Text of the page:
Keith McMillen Instruments SoftStep MIDI Controller

WHETHER FOR OPERATIONS LIKE CHOOSING PATCHES ON early rackmounted multieffects such as the Boss GP-8, or handling synth-guitar presets, guitarists have been using MIDI foot controllers almost as long as MIDI has been around.
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Whether for operations like choosing patches on early rackmounted multieffects such as the Boss GP-8, or handling synth-guitar presets, guitarists have been using MIDI foot controllers almost as long as MIDI has been around. These controllers range from fabulously flexible (but stage-hogging and expensive) custom systems by Bob Bradshaw and Pete Cornish to small, inexpensive gear like the Rolls Midibuddy. Keith McMillen’s new SoftStep ($289 retail/$259 street) is part of a new generation of USB, MIDI foot controllers—one with a wealth of revolutionary tricks up its sleeve.

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SoftStep is small: 17w" x 4", and barely thicker than a CD jewel case, and it weighs slightly over a pound. This might at first appear insubstantial, but handling it soon reveals the toughness of its elastomeric and graphite composite construction. Club guitarists will be especially pleased that it is guaranteed beer-proof.

Ten 2w" square footpads sport both large numbers and borders that light up in ultra-cool “Tron” blue, making for easy reading on the darkest stage. An additional four 7/8" square pads are arranged in a diamond shape to the right. Normally used to step through “Scenes,” they can also be programmed to perform other functions.

The ultra-slim rear panel contains a 1/8" port for an expression pedal (a 1/4" to 1/8" adapter is included); a USB port to connect to a computer for programming the pedal, software control, and pedal power. It also has an expansion port for a SoftStep MIDI Expander (sold separately) that allows you to control a MIDI synth and/or rack effects without a computer.

SoftStep represents a huge leap forward over other foot controllers, where the switch options are pretty much limited to on/off. Pads 1 through 0 can indeed perform on/off functions, triggered by long or short single taps or double taps— each tap type sending different MIDI information. They are also touch sensitive in a way that responds to direct pressure, X/Y movement, and rotary pressure—delivering continuous controller information to modify virtually any MIDI controllable parameter.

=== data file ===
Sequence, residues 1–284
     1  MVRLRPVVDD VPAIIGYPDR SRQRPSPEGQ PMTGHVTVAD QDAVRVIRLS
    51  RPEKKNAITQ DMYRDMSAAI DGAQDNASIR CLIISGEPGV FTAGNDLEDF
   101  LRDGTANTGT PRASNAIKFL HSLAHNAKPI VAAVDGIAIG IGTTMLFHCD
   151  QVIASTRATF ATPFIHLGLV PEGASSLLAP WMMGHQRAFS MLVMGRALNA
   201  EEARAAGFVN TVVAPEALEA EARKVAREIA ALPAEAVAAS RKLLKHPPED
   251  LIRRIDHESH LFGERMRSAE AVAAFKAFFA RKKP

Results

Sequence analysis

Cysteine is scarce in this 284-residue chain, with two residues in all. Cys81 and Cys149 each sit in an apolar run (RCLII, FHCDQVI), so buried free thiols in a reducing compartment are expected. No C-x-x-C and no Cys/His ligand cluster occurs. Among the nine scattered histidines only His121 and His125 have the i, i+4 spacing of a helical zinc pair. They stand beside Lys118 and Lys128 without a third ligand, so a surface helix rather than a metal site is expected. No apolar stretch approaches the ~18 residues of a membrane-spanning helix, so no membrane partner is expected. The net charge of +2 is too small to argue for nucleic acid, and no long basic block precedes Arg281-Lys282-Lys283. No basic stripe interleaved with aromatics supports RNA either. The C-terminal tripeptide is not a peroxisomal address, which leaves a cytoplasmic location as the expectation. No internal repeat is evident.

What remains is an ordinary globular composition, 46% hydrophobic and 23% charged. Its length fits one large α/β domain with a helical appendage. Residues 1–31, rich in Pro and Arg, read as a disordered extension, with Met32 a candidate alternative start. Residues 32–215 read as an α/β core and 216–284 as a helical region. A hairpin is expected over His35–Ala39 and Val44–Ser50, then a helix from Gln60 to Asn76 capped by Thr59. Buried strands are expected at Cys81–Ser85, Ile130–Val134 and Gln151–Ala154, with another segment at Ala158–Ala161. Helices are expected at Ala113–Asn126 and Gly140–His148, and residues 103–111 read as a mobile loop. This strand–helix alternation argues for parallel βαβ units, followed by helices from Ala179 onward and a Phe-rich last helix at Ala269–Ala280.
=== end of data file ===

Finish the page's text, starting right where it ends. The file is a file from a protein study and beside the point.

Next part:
SoftStep is not simple to program, but once you understand the various screens, the control possibilities are limited only by your imagination. Space doesn’t permit going through all of them, so let me highlight some functions I found useful.

Programming pads to different CC numbers let me use SoftStep to control various effects in IK Multimedia’s AmpliTube or Native Instrument’s Guitar Rig. Turning pedals on and off was easily achieved with Toggle mode. The real fun began when I set Guitar Rig’s LFO modifier to sweep through the frequency of the cutoff on the Pro-Filter. Dedicating a single pad to both Pressure and Foot On modes allowed me to use greater pressure by my foot to speed up the rate of the LFO and less to slow it down, while the same pad turned the Pro-Filter on when my foot was on the pad and off when I lifted it away.

If this sounds too techno for you, imagine using similar options for a wah effect: stepping on the pad turns the wah on, pressing down increases the treble, backing off moves toward the bass end of the wah’s range, and removing your foot shuts it off. I dedicated the expression pedal input to volume control, and SoftStep allowed me to choose among sine, cosine, or logarithmic curves to shape how the volume changed as the pedal was pushed forward.

The software’s Modulation page reveals that each pad has six “Mod Lines.” This means that you can program each pad to perform six separate functions at once. True tweakers can modify one line with another, creating complex chains of control. Various options allow you to set the sensitivity of each Mod Line control separately. I found this essential, as I often play seated, giving me less available pressure for the pads. Another cool quality was the dead-silent switching; some controllers work well, but the clank of their mechanical switches make them unsuitable for accompanying acoustic musicians in intimate concert or recording settings.

SoftStep takes some getting used to, as it is as much like learning an instrument as using a controller. Keith McMillen’s support staff is excellent, eager to help, and continually coming up with improvements in response to customer requests, as well as templates to make programming simpler. If performing with MIDI is part of your musical palette, SoftStep is a must have.

KUDOS Strong, lightweight construction. Incredible levels of control.
CONCERNS Steep learning curve.
CONTACT Keith McMillen Insturments, (877) 812-0408;

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